What was the outcome?

In the end, Courtney, Doug, and I found our product/market fit and validated our product with happy customers who willingly signed letters of intent. Heck, we even won the “IoT Innovation of the Year for Agriculture” award from Compass Intelligence. I got to wear a cowboy hat and boots and spent the summer of 2021 amongst trees, crops, and soil. Obviously, we barely scratched the surface in the value the technology we built can provide. We also have no illusions that the precision agriculture we delivered can solve all the problems faced by growers and society at large. Battling climate change, drought, fires, desertification of soil, floods, and food waste is an “all hands on deck” calling for everyone. While we are only part of the solution, the satisfaction and fulfillment we felt this year is immeasurable, and we’re happy to play our part.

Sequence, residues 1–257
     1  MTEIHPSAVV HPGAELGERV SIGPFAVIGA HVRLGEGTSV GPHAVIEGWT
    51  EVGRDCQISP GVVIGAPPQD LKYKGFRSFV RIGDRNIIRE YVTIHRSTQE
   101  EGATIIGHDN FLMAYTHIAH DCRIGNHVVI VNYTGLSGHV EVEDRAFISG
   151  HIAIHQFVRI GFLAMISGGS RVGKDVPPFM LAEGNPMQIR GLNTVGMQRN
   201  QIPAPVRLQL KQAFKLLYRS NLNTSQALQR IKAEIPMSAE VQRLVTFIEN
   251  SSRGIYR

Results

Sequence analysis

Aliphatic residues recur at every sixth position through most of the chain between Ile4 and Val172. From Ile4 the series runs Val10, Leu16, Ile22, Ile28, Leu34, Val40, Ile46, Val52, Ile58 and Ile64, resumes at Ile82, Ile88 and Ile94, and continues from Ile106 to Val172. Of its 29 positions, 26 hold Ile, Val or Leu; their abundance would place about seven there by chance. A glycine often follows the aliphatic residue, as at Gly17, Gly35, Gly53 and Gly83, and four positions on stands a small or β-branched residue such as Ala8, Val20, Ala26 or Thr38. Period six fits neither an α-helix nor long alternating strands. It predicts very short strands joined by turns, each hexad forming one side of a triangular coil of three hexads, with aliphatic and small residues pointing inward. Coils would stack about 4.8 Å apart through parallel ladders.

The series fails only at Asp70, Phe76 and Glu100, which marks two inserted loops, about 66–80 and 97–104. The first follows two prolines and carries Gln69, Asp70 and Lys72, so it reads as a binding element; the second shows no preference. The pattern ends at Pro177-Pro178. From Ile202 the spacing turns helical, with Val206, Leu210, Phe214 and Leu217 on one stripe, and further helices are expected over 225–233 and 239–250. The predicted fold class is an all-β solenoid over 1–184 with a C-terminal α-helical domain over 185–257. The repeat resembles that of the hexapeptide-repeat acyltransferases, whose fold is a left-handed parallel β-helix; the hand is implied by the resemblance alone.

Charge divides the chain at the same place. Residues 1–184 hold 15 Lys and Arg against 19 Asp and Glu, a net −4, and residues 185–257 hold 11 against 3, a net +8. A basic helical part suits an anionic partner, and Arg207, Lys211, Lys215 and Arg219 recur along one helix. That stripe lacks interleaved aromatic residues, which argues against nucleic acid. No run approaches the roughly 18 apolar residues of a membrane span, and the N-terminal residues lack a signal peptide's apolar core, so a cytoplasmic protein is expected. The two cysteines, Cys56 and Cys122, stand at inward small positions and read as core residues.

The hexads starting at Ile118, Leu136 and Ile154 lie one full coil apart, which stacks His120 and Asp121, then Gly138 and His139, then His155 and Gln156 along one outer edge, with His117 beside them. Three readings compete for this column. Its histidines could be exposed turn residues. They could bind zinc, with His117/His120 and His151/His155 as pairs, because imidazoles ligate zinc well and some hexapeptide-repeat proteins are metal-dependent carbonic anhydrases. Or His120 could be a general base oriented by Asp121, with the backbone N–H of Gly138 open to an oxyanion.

The Future of Agriculture is the Future of Humanity

Static Properties of a Digital Twin Model

Static properties enumerated by a #digitaltwin model represents data that typically doesn’t change.

Unlike telemetry properties that map 1:1 with a sensor or other data point, static properties contain values that typically don’t change.


Using a car as an example, static properties of a digital twin model could be things like the length of the car, the number of cylinders and displacement of the engine as well as the volume of room in the trunk.

Static properties are necessary to have a more complete view of the physical twin to be used as reference data for analytics. Digital twin instances inherit these unchanging static properties from their corresponding digital twin model.

More to Come

Follow along with me as I take you on a deep dive of all the elements that come together to make a digital twin. Click links below to catch up with other articles in the series:

IoT Coffee Talk: #83 – The 2021 Christmas Special!

Welcome to #IoT Coffee Talk #83 where we chat about #Digital #IIoT #Automation #DigitalTwins #Edge #Cloud #DigitalTransformation #5G #AI #Data #Industry40 & #Sustainability over a cup of coffee.